Through the Eyes of a Junior Handler
All of my life I have always had a great interest in purebred dogs. From my first word being "dog," to being a dog trainer at 18 years old, dogs have always played a huge part in my life.
I am so happy to be able to call myself an agility enthusiast for these past 5 years. But I didn't always have a dog, and there was a time when I didn't know what agility even was. Ever since I was 5 years old all I asked for, for every birthday and Christmas was a dog, but it always came down to the fact that my dad did not want one. The summer of 1999, when I was 12 years old, was the summer that changed everything.
One of our closest neighbors was going out of town for the summer and asked me to watch their 1 1/2 year old Sheltie, Scooter. Scooter was untrained, and mainly an outdoor dog. So all summer I had fun playing with him and training him with basic obedience commands. My best friend Erica Wilson, was involved with agility at the time, and got me hooked. I just wished I had a dog of my own so I could start agility too. Then I had the idea to ask our neighbors if I could do agility with Scooter. They thought it was a great idea and gave me permission to start right away.
I started agility classes with Laura Yarbrough in the Fall of 1999, and it was a lot of fun, but the first year was really rough. Scooter refused a lot of obstacles unless you made him do them, and he was also really slow. My first show was in May 2000 and Scooter qualified barely under time. The second show was in June 2000, and that was the worst show I have ever had. Scooter refused every contact obstacle that weekend, and we came home with no qualifications. When we got home I was grooming Scooter and realized that when he was neutered about a year before, the stitches had not been fully removed so there was a portion of the stitch that was sticking out and poking him every time he jumped or went up an obstacle. I had finally figured out what had been holding Scooter back!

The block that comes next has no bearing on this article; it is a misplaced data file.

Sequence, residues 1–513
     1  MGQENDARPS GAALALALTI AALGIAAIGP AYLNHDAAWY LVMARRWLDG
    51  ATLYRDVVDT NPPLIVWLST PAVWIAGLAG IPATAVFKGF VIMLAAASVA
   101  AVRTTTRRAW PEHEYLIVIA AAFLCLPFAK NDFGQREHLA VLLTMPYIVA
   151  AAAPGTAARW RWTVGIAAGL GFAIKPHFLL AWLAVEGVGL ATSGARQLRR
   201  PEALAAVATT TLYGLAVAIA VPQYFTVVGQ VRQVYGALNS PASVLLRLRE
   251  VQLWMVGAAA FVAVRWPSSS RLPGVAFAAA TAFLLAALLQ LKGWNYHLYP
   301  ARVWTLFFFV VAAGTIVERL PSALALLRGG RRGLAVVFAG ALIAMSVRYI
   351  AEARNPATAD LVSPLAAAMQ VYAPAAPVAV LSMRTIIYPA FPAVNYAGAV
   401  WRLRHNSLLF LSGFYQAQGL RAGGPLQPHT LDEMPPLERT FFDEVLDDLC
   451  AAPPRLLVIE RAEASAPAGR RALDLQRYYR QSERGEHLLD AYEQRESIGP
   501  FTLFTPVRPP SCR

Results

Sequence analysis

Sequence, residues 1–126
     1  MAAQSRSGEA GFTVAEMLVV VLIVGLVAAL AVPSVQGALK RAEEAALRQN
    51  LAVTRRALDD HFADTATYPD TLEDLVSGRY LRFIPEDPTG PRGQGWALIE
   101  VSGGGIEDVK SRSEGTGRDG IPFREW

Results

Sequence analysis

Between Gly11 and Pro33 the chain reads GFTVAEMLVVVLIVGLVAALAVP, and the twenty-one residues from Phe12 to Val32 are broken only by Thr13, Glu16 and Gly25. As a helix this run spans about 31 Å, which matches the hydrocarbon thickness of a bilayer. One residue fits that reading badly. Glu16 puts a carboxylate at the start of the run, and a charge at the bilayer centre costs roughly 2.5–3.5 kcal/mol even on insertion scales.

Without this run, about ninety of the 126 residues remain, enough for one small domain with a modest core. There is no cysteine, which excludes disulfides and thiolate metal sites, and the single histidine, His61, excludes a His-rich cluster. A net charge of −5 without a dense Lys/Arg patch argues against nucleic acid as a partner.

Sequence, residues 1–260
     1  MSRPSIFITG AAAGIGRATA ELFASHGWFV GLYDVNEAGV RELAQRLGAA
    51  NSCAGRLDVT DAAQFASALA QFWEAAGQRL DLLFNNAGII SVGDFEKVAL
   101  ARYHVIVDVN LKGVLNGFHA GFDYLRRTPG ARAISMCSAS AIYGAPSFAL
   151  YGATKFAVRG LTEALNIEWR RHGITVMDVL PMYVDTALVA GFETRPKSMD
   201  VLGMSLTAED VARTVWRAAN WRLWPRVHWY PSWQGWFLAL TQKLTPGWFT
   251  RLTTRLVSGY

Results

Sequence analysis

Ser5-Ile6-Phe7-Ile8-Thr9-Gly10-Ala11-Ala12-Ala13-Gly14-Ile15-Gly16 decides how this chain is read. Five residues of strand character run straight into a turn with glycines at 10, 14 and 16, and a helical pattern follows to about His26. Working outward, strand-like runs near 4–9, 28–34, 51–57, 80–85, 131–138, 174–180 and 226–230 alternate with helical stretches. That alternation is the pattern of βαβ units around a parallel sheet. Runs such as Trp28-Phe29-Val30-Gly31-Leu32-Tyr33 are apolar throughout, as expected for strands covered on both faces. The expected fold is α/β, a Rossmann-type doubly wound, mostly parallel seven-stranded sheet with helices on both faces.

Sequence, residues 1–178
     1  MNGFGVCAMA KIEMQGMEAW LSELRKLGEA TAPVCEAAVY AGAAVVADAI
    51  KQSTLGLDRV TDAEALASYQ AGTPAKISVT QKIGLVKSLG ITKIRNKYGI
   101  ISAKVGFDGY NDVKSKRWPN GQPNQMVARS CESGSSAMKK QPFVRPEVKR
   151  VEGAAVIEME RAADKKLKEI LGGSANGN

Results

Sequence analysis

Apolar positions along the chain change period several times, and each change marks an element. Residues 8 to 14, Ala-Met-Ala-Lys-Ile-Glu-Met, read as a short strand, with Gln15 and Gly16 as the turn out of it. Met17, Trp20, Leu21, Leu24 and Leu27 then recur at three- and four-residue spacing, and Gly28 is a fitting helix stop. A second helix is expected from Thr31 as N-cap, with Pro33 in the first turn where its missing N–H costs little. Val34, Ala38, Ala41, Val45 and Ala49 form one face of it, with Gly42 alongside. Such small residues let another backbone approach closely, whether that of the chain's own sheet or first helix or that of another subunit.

Over the next couple months I helped Scooter gain confidence, speed and accuracy. From December 2000 to November 2003 Scooter and I have gotten 14 titles, including Agility Dog Champion and are competing in the Masters and Excellent B levels.
Meanwhile, while training Scooter, my dad had a change of heart and realized that I was really serious about wanting my own dog, and it would not just be a pet that sat around untrained and had nothing to do. So, for my 15th birthday (June 2001) my dad said I could get a puppy! I decided on a Border Collie puppy, which I got from an AKC breeder in August 2001. I named him "Shoreland's Sky's the Limit," or "Sky" for short, and he is a blue and white male Border Collie. Getting Sky was the best gift I had ever received. I couldn't ask for a better companion, friend, or agility partner. To date Sky has gotten 10 titles and is also competing at the highest levels of competition.
From 2000-2004 I have received over 275 ribbons between Scooter and Sky. Sure, it feels awesome hearing your name and your dog's name called to go get that 1st place ribbon, or even just a qualifying ribbon, but no matter what there are always 6 things every Junior Handler should always remember:
Agility and Dogs have
been a huge part of my life. I have grown so much as a person, and learned
so much from my agility instructor and friends. The thing I love best
about the dog show world as a whole is the atmosphere and camaraderie
of the people and their dogs. In the end you realize it doesn't matter
if you have the best show dog or a pet, but it is the memories you create
and experience together and they are memories you have forever and will